Rotana drives ahead as a scheduled carrier
The UAE may be geographically small but, as Alan Dron reports, continuing surface travel challenges have led to a local carrier starting domestic air services.
It’s not often that a business jet operator changes course and develops into an airline, but Rotana Jet of Abu Dhabi has recently made the jump.
However, although it started life in 2010 operating executive services with a Gulfstream 450, Rotana Jet had always planned to be a scheduled carrier, said commercial and planning director Rajendran Vellapalath.
Operating executive jet services was seen as a way to get into the aviation business.
From its base at Abu Dhabi’s Al Bateen executive aviation airport, Rotana Jet began operating scheduled services in June 2012 to Sir Bani Yas and Delma islands off the coast of the emirate with two Embraer ERJ-145 regional jets.
This was followed in September with the announcement of domestic services from Abu Dhabi International Airport to Al Ain, Sharjah, Fujairah and Ras Al Khaimah. Fujairah and Al Ain began that month, with Sharjah and Ras Al Khaimah due to follow later. Ruwais is also due to join the route network.
There is, said Vellapalath, an untapped market for internal flights between the UAE’s seven emirates. Although the distances between Abu Dhabi and some of these points are small in geographic terms (around 215km to RAK, for example), driving to Ras Al Khaimah or Fujairah can easily take more than three hours – considerably longer at rush hours.
All these new domestic services are double daily; having both morning and evening rotations was considered important when the services were conceived, said Vellapalath.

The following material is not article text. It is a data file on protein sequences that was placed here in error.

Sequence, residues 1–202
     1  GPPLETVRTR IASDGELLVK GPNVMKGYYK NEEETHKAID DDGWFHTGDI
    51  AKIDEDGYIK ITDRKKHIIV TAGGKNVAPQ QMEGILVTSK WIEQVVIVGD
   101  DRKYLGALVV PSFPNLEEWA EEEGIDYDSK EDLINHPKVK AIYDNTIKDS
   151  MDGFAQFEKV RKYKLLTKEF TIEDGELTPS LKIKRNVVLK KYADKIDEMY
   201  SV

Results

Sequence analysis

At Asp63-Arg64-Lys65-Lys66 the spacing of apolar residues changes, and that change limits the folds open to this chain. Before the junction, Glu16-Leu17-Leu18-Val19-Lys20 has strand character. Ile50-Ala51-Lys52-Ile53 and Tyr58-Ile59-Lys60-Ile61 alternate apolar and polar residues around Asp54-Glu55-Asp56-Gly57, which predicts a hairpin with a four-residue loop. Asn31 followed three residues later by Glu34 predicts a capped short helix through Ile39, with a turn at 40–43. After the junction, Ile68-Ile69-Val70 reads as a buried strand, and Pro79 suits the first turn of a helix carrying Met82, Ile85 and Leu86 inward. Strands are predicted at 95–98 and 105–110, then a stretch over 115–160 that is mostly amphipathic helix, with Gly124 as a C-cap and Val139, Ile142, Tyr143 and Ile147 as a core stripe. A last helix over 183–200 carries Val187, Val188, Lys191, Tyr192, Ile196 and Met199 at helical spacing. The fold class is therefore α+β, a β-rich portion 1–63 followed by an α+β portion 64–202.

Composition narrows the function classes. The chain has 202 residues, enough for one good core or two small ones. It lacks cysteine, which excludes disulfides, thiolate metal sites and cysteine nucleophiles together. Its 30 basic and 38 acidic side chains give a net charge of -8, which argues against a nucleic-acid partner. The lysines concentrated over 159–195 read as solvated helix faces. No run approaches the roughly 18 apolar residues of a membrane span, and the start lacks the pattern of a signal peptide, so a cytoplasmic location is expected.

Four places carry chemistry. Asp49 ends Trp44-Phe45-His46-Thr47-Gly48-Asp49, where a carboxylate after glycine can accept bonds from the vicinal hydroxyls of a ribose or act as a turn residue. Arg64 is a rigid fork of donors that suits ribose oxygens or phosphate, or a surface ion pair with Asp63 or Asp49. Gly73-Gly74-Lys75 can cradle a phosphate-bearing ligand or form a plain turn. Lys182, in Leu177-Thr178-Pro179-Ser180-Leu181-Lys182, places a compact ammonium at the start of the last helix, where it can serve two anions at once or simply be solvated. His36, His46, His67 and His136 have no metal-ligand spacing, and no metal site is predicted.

Waves of international flights arrive in Abu Dhabi in early morning and Rotana Jet’s morning service is synchronised with them. Similarly, the evening sectors are timed to allow passengers arriving from the outlying emirates to connect with departing late night long-haul services.
At the time of writing, the company was in discussions with the UAE regulatory authorities over creating a small transfer facility to domestic destinations at Abu Dhabi. It was also looking at the possibility of arriving passengers not having to clear immigration and customs formalities until they reached their final destination.
Rotana Jet believes that sufficient people will be willing to abandon cars for aircraft to make the services viable. It will take around 30 minutes to fly to Sharjah, 45 to RAK or Fujairah. A passenger arriving from Europe at, say, 8am, could be resting in his hotel at Fujairah by late morning, saving a couple of hours compared to driving. “For people who have spent six or seven hours on a flight, facing an extra two or three hours on the road to reach their final destination is not great,” said Vellapalath.
He also sees the flights appealing to domestic tourists who want a day-trip to the northern emirates.
Rotana Jet’s owner, Dr Sheikh Ahmed bin Saif Al-Nahyan, a former chairman of Etihad, touched on this at the official announcement of the new services in September, noting “the need to foster development in the tourism industry”.
A third source of passengers is likely to be Abu Dhabi-based UAE federal government staff, who live at the far end of the country.
Rotana Jet will face competition from RAK Airways, which in September announced not only RAK-Abu Dhabi scheduled services but the benefit of a codesharing agreement with UAE national carrier Etihad Airways. (See story page 84).
A similar codesharing arrangement is a development also being studied by Rotana Jet.
However, Vellapallath believed that Rotana Jet’s higher frequency would prove a bigger draw. He also argued that Rotana Jet would have much better economics on the route with its 50-seat ERJ-145s, against RAK’s larger Airbus A320 for its service.
However, the company is not abandoning the charter market. It was due to receive an Airbus A319 in 50-seat configuration (18 business, 32 economy) to help cater for enquiries that come not only from the UAE and GCC nations but also Africa.